What is your most valuable piece of advice? - page 6

I thought that this would be interesting. As we have new graduates beginning to orient in our respective units, do any of you have any fool-proof pieces of advice for them? If you could only give... Read More

  1. by   slinkeecat
    BEST PIECE OF ADVICE:

    DO NOT SKIMP ON THE SHOES!!!! YOU WILL FOREVER BE ON YOUR FEET..... BE KIND TO YOUR TOOTSIES

    ALWAYS ALWAYS TAKE THE TIME TO TAKE A POTTY BREAK AND PEE. YOU ARE NOT SUPER BLADDER WOMAN..... IF YOU DO NOT WANT TO WEAR DEPENDS WHEN YOU ARE 40, MAKE A PIT STOP AT LEAST TWICE A SHIFT.... (TRUST ME)

    ALWAYS REMEMBER THAT sh*t RUNS DOWN HILL. iF YOUR UNIT MANAGER OR DOCTOR HAS A BAD DAY THEN ODDS ARE LIKELY THAT YOU WILL HAVE A BAD DAY TOO

    SOME TIMES A KIND WORD AND HAND HOLDING CAN MAKE ALL THE DIFFERENCE

    NEVER VOLUNTEER, EVER!!!!

    ALWAYS REMEMBER YOU HAVE ALLNURSES.COM.

    NEVER EVER ASSUME IT'S JUST APPLE JUICE.( HEE HEE)

    GOOD LUCK!!!!!
  2. by   Fgr8Out
    My advice?

    Be ACCOUNTABLE.... for your words, your actions, for your mistakes and your triumphs.

    We're all human... and at times we all make some sort of error... some serious, some not so serious. I can't tell you the number of times I've run across a nurse who has made some simple mistake... and when I comment on it, I'm barraged with excuses..."we were short staffed... somebody else said...it wouldn't have happened if so-n-so had...." SOOO frustrating to hear this.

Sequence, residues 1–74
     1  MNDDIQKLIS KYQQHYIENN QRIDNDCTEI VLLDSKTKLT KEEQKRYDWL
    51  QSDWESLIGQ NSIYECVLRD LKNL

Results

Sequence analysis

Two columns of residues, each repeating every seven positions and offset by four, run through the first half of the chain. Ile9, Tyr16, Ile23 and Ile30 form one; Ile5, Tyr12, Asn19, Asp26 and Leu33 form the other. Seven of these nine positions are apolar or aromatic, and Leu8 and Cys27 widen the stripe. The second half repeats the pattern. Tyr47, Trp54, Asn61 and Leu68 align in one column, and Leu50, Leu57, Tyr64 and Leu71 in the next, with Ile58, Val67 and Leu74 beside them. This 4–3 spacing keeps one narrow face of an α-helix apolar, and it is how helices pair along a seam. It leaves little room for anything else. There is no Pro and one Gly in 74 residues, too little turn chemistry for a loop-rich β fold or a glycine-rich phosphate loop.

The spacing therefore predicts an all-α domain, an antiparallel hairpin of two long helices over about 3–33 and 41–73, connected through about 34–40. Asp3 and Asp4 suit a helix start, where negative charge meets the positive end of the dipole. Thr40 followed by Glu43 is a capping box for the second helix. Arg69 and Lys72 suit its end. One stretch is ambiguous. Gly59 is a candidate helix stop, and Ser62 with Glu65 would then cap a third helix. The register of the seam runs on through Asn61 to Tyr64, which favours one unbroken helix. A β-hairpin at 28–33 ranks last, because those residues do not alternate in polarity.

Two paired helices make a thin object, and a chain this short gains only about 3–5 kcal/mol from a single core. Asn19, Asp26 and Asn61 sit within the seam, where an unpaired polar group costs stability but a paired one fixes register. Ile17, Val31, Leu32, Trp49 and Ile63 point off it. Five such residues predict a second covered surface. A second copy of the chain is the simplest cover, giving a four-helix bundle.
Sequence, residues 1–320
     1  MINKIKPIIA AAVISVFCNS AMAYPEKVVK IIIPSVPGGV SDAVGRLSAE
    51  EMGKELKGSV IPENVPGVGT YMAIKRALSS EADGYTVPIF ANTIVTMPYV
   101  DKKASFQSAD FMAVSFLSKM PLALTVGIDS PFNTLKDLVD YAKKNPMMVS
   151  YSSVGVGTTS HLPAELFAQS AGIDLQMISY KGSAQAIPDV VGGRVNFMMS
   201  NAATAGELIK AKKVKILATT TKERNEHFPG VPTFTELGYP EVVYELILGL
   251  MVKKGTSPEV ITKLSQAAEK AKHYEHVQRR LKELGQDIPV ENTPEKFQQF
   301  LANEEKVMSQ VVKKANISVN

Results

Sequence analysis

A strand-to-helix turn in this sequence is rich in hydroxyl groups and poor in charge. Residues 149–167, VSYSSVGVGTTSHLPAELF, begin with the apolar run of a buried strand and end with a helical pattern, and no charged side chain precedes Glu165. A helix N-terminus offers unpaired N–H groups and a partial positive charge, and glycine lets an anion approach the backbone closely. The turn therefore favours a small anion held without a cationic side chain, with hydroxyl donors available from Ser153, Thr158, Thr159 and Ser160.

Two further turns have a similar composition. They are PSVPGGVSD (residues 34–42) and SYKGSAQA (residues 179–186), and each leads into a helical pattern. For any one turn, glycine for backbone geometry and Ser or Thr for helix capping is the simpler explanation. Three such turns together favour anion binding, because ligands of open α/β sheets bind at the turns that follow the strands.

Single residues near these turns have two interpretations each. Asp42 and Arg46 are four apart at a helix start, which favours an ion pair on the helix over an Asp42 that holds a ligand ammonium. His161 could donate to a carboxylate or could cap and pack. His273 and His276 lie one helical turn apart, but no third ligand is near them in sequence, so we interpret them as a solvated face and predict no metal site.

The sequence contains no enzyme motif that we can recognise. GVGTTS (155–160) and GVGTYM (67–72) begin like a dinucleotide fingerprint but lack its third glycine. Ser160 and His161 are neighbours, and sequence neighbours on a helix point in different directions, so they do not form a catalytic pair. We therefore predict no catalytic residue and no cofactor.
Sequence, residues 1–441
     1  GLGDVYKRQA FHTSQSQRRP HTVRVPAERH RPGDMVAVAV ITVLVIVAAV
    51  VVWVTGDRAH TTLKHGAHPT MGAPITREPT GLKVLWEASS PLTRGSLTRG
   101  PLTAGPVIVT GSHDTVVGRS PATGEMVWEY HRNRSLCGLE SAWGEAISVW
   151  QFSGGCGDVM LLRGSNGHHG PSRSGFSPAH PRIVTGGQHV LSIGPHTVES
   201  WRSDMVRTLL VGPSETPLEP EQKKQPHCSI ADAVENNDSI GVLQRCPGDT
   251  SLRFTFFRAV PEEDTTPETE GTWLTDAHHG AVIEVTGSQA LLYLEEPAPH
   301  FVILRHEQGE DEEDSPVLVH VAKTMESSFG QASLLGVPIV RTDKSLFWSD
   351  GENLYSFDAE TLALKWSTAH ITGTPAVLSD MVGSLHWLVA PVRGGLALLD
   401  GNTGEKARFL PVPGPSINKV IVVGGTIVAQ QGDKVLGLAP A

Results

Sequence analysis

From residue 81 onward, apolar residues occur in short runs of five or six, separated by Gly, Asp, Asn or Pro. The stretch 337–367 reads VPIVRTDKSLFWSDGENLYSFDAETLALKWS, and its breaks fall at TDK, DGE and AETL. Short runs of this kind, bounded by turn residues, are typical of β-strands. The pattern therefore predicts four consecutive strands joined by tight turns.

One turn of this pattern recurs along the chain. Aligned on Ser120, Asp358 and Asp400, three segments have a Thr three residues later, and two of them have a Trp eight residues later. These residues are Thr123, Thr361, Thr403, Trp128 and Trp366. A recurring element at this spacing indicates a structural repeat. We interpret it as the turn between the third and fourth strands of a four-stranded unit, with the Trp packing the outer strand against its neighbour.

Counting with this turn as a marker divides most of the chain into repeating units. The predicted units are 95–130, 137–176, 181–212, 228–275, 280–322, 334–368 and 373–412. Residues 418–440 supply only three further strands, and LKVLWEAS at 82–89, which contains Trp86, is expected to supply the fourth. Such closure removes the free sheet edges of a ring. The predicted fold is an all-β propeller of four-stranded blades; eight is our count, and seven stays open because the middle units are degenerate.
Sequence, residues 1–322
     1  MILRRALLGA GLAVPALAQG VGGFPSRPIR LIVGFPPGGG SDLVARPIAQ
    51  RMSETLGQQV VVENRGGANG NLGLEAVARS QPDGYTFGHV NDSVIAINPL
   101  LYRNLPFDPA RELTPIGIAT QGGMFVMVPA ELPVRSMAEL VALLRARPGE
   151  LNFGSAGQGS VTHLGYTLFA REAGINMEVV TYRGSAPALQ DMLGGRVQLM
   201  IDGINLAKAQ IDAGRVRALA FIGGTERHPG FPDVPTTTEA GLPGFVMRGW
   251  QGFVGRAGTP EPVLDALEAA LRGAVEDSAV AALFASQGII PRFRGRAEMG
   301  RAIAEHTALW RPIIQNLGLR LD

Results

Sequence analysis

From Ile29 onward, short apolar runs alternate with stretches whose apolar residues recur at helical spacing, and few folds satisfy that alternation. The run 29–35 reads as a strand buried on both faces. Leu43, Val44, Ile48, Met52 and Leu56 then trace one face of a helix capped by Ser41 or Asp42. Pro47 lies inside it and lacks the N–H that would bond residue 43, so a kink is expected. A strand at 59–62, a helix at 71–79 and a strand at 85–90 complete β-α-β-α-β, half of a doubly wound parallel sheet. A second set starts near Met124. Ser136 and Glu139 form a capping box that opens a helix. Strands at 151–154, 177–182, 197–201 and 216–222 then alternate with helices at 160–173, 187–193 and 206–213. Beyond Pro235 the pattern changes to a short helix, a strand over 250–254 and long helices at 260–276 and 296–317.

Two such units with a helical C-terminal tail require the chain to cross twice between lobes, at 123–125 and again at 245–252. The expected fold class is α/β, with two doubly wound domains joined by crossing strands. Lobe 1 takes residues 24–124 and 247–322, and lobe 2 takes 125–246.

It was day 2 of my work week... it had been a hectic 2 days. I had an assignment different from the one the day before. I was answering questions from the physician of an elderly woman who had a TAH 3 days earlier. He asked about her respiratory status and I replied that I was working with her on coughing/deep breathing. I misunderstood him when he asked if she'd been using her incentive spirometer (it was listed in her orders but not on PCAR) and nodded "affirmative". The physician went in... came back out and said "she doesnt HAVE an I.S." Ooopsie!!!! :imbar

    It seems that several errors over the past few days ... orders not noted properly, etc... resulted in this woman not receiving an incentive spirometer. The doctor wasn't happy. Hell, I wasn't happy that I hadn't noticed the omission. When the doctor bellowed "who is responsible to make sure my orders are followed???" I replied "Nursing is." I went on to say the order had obviously been missed... I ordered an IS immediately and informed the physician that the patient would be instructed to use it as ordered. No... the original problem was not mine... I wasn't around when the original orders were received. BUT... I didn't make a bunch of excuses for why it wasn't done or try to place blame on my fellow Nurses who did miss it. I simply apologized to the physician for the omission and took steps to correct the situation.

    Did I feel like the doctor blamed ME?? No. The doctor was unhappy that his order was missed... period. Did I avert a situation by NOT making excuses for why the incentive spirometer wasn't at the patient's bedside? Absolutely.